Keith Payne was born at Ingham in Queensland, Australia, on 30 August 1933. After leaving school he worked as an apprentice cabinetmaker and spent a short period in the Citizen Military Force as a Reserve Soldier. He enlisted in the Regular Army on 13 August 1951, and was posted as an infantryman to the 1st Battalion, the Royal Australian Regiment (1RAR) in September 1952. He served in Korea with the 1RAR from April 1952 to March 1953, follwoed by service with the 28th British Commonwealth Infantry Brigade before returning to Queensland in September 1953. He married Florence Plaw, a female soldier, on 5 December 1954.
After a period of service, training Cadets and National Servicemen, he was posted to the 3rd Battalion RAR (3RAR) in February 1960. He saw further overseas service with 3RAR in Malaya, and was promoted to Sergeant on 1 June 1961. He joined the 5th Battalion RAR (5RAR) in February 1965 and was promoted to Warrant Officer in June 1965. This was followed by postings to the Officer Training Unit with the 2nd Pacific Island Regiment in Papua New Guinea. He was appointed to the Australian Army Training Team in Vietnam on 24 February 1969.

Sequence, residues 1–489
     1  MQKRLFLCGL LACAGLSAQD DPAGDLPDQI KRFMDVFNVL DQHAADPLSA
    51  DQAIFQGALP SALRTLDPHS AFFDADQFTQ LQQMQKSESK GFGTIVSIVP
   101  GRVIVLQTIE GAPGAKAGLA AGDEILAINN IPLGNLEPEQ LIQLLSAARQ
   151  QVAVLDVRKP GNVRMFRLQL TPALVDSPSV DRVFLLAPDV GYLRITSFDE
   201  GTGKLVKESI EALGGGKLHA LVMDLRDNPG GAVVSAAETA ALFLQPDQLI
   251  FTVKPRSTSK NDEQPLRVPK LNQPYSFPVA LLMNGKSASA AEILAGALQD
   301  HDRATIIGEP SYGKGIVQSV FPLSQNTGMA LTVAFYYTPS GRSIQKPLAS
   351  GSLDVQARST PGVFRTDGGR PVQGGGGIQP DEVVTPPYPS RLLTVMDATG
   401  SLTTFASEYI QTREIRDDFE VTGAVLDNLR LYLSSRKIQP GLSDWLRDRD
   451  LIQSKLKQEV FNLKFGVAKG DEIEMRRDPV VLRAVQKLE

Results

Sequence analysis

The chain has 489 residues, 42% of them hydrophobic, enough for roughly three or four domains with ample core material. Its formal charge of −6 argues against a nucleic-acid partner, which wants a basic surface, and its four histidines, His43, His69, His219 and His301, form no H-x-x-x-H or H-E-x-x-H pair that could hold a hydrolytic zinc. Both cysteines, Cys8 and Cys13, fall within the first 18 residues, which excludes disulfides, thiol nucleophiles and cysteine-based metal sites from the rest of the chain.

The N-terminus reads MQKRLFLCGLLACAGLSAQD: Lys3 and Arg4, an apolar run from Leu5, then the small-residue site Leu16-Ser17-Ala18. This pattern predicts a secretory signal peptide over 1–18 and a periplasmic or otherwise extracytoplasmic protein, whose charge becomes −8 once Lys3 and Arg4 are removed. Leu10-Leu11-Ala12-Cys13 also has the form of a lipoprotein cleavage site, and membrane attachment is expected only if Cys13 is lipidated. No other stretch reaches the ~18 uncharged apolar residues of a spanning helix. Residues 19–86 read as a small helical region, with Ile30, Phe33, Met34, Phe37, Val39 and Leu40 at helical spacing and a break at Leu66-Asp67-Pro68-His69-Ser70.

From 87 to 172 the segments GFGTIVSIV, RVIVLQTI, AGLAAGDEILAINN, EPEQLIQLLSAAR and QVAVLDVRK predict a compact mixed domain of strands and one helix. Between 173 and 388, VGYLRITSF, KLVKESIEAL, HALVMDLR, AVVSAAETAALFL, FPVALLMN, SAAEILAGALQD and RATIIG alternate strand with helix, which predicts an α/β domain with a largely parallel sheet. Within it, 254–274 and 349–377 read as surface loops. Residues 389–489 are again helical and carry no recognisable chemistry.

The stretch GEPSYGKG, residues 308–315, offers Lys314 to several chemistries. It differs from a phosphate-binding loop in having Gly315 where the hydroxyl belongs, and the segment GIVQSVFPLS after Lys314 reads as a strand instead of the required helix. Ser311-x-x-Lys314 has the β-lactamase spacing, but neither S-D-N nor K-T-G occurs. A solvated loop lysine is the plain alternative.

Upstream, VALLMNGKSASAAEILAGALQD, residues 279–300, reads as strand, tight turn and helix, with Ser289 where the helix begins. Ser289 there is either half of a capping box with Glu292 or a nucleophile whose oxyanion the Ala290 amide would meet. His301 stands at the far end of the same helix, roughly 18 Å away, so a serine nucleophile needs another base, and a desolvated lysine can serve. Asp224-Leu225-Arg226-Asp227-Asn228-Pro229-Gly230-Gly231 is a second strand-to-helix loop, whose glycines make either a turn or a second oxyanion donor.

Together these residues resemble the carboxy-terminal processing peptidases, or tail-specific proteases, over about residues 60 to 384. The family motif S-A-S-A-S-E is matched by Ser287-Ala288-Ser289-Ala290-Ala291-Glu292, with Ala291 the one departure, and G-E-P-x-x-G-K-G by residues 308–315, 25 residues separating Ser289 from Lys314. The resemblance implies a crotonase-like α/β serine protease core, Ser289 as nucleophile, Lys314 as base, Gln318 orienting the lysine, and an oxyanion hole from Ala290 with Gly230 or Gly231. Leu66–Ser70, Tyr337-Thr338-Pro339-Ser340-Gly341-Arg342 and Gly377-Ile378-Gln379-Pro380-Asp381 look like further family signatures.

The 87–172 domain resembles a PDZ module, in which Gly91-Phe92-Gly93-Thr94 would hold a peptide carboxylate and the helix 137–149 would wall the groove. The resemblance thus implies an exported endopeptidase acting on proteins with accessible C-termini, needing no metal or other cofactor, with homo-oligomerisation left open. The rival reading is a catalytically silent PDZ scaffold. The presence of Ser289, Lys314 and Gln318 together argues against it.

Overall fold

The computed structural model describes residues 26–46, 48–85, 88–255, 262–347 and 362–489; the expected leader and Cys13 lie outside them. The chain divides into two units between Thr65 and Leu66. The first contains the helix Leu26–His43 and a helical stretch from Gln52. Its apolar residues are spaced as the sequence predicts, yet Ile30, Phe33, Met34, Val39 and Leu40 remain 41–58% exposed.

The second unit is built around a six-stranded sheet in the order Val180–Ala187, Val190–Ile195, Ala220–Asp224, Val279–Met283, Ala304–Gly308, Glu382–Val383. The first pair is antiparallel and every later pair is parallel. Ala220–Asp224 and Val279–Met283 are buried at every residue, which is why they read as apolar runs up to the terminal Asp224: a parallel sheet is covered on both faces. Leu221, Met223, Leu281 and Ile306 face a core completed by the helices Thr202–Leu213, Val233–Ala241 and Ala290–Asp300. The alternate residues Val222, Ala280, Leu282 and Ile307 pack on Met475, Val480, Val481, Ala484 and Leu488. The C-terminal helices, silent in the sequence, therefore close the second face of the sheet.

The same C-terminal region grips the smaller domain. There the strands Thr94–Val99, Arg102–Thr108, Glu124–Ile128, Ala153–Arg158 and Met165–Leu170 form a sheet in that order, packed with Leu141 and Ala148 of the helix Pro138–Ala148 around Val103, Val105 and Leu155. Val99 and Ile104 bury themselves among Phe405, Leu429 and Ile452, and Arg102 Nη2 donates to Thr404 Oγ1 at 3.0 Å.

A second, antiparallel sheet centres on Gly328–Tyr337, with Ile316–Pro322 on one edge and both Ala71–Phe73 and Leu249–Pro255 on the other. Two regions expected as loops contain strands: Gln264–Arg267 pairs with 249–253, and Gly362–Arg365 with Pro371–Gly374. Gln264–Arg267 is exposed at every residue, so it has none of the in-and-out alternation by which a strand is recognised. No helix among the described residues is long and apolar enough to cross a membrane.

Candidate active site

Keith's initial duties in Vietnam were with a mobile strike force that was reconnoitering enemy infiltrationroutes from Laos into Vietnam. Thes routes were being used to surround the newly established Ben Hut Special Forces camp. On 24 May 1969 Keith was commanding the 212th Company of the 1st Mobile Strike Force Battalion when the unit's hilltop position was attacked by a large North Vienames force. A barrage of rockets, mortars and machinegun fire hit the two forward companies from three directions simultaneously. The indigenous soldiers under Keith's command faltered, forcing Keith to mount a vigorous single-handed defence, firing his rifle and throwing grenades to keep the enemy from over-running his panicked soldiers. In the process, he was wounded in the hands, upper arm, and hip by shrapnel from rockets and mortar rounds. The US Officer Commanding the battalion decided to make a fighting withdrawal back to base. With a small number of soldiers from his company, which had suffered heavy casualties, Keith covered the withdrawal of the rest of the force, again relying heavily on gunfire and grenades to hold off the enemy. By nightfall Keith had gathered a composite party of survivors from his own and another company into a small defencive perimeter about 350 metres from the hill they had previously occupied, and which was now in the hands of the North Vietnames Army.